See too, the variety of ministry we find here, and for what purpose—“He gave some apostles, and some prophets, and some evangelists, and some pastors and teachers, for the perfecting of the saints for the work of the ministry for the edifying of the body of Christ” (Eph. 4:11-12).
Apostles were made so by the Lord Himself, such as Peter, James, John, and Paul. We have their epistles for our edification, and thus they minister to us still. Successors they have none, except “false apostles” (2 Cor. 11:13), ministers of Satan, of whom Paul warned the Ephesian elders to beware as “coming after him” like “grievous wolves” (Acts 20:29), and who evidently did, calling themselves “apostles,” but were tried and found “liars” (see Rev. 2:2). Let the modern pretensions to “restored apostles” be tried by the same test, and it will as speedily vanish, notwithstanding the glare of misplaced Scripture subtle minds have thrown around it.
Prophets too are gone. They spoke by revelation from God apart from the word and before the canon of Scripture was complete. Judas and Silas (Acts 15:32), also Agabas (21:10), were prophets, as well as others we read of in 1 Corinthians 14. We do not see such men now, because we do not require them; the word of God is complete, and not to be added to on penalty of a curse, and all pretended “prophecies” we now hear so much of, are the mere fancies of “false prophets” misleading unstable souls, and seeking to beguile the saint from the diligent study of the written word, wherein all the prophecies of God are stored for our practical use as a light shining in a dark place until the day dawn (2 Pet. 1:19). Apostles and Prophets were in the “foundation” (Eph. 2:20) of the Church, but nowhere else to be seen in the building, therefore we look not for them among the servants of Jesus Christ.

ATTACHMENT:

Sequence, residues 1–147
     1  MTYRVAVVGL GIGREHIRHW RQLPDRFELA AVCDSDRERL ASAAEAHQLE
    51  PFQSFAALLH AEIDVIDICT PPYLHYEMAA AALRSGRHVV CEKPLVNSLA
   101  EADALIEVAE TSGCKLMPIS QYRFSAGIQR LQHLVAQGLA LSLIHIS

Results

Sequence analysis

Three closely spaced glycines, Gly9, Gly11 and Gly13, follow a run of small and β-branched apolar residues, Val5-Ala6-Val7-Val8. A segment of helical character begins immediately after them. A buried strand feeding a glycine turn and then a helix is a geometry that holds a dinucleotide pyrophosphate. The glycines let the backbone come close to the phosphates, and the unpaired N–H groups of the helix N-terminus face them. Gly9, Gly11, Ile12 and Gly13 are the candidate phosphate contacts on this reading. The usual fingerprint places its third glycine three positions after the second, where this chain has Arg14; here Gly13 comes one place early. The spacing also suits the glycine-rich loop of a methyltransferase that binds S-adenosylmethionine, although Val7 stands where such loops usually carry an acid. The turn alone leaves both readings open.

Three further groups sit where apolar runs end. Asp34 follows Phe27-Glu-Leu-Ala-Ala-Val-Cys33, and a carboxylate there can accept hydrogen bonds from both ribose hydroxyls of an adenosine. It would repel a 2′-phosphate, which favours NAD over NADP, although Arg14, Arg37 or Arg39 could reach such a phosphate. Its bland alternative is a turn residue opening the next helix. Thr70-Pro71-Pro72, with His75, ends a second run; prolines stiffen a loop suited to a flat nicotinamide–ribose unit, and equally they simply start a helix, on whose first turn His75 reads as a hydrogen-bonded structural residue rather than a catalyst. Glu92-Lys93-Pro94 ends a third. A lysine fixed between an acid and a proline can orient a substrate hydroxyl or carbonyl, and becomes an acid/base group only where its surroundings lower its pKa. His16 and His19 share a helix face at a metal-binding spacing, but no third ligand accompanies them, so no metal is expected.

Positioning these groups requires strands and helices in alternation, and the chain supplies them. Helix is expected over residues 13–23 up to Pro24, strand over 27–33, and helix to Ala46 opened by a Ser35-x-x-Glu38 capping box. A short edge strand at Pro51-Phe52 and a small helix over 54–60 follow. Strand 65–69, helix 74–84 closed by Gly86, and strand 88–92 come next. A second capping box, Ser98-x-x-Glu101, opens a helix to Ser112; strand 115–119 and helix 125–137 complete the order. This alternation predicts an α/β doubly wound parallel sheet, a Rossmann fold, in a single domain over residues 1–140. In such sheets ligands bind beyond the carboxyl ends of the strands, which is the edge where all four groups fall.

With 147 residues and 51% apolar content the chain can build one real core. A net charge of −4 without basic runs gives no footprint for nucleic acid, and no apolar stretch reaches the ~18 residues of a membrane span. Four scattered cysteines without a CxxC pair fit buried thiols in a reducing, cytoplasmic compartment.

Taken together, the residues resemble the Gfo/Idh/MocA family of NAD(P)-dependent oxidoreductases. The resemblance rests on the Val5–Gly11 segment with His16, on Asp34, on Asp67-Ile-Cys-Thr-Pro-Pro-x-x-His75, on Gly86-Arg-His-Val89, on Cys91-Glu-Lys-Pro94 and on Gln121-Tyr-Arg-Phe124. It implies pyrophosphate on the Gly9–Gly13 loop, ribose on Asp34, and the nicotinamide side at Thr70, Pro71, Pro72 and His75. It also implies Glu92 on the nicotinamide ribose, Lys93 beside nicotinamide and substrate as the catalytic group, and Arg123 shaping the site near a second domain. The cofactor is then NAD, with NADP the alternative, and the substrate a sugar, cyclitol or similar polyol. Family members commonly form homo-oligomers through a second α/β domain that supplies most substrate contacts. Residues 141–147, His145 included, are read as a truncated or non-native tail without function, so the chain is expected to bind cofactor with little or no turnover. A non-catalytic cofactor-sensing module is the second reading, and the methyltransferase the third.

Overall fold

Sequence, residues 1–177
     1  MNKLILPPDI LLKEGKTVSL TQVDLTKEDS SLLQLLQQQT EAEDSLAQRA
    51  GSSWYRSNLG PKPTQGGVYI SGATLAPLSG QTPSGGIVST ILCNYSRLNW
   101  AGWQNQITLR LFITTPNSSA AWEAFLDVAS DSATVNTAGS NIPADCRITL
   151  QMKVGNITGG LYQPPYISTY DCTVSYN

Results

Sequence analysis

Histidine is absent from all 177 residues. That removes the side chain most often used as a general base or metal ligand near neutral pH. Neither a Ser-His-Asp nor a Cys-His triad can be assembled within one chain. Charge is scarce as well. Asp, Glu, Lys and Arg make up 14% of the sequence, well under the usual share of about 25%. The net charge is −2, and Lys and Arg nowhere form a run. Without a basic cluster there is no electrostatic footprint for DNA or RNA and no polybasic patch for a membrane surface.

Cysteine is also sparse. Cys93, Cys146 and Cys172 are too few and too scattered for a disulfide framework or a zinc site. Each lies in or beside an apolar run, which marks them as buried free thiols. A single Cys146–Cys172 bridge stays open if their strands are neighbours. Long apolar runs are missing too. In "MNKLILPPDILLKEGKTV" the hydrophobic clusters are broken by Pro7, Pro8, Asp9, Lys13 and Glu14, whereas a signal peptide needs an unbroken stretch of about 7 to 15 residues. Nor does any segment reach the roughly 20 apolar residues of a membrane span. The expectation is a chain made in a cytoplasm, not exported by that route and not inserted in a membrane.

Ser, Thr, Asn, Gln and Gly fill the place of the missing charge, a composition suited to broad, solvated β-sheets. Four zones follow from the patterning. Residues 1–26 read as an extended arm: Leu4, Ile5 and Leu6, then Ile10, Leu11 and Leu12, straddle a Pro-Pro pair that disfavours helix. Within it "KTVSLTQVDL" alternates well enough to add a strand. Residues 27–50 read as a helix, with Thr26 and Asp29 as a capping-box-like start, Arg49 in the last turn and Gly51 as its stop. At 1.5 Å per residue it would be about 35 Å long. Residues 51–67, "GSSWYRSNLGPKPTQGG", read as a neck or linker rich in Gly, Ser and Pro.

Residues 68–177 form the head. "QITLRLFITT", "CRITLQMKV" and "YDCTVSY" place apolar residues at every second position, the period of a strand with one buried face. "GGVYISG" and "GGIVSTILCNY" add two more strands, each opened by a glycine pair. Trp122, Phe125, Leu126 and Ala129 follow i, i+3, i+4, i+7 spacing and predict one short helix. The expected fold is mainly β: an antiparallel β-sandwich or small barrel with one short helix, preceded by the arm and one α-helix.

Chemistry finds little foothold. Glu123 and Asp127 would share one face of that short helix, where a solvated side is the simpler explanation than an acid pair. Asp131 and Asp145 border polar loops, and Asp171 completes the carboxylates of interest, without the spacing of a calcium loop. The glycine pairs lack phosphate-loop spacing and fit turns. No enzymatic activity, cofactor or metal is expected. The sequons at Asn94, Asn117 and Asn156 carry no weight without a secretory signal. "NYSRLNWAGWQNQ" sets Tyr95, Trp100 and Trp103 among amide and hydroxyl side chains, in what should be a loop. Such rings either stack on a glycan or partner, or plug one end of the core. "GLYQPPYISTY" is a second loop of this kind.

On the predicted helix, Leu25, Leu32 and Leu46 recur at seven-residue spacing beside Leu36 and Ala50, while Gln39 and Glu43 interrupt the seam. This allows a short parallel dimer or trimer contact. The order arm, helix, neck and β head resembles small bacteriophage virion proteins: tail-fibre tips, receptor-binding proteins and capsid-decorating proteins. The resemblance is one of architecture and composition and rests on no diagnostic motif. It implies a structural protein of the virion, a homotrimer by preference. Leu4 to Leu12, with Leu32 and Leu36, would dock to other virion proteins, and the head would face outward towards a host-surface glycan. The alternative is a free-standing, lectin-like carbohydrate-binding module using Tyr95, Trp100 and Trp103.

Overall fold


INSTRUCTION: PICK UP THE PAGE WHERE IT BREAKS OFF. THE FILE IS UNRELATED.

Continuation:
Evangelists, Pastors, and Teachers, come next in order. The service of the former is toward the world with the Gospel; and the latter two toward the Church; comprising the ministry of the word, and the tending of the flock. The Lord in grace continues to give such gifts to men, fitting them for the various ministries “till we all come in the unity of the faith and the knowledge of the Son of God unto a perfect man unto the measure of the stature of the fulness of Christ” (Eph. 4:13), which will only be when He comes. Till then sinners need to hear the Gospel from the lips of the Evangelist—and saints need the Pastor’s care and the Teacher’s instruction in the word. Let us therefore recognise and receive such, thanking God for them, while we remember Christ Jesus the Lord is the Head of the Church, and the centre of its unity. Unto him—“Jesus only”—we gather; not to His gifts however great or good, but unto Himself, as it shall be by and by above, when we gather around the Lamb slain.
O how terrible has been the Church’s sin, in placing his servants before Himself, and glorying in the gift instead of the giver. Evangelists, pastors, and teachers are often gloried in among saints, and treated as Paul, Apollos, and Cephas were at Corinth; while Christ Himself stands knocking at the door without (Rev. 3:20).
Let us look now a little at the work of each, and turning back to the service of the three families of of Levites, viz.—Merarites, Gershonites, and Kohathites, we shall find typified in beautiful order the work of the Evangelist, Pastor, and Teacher—I will connect them thus—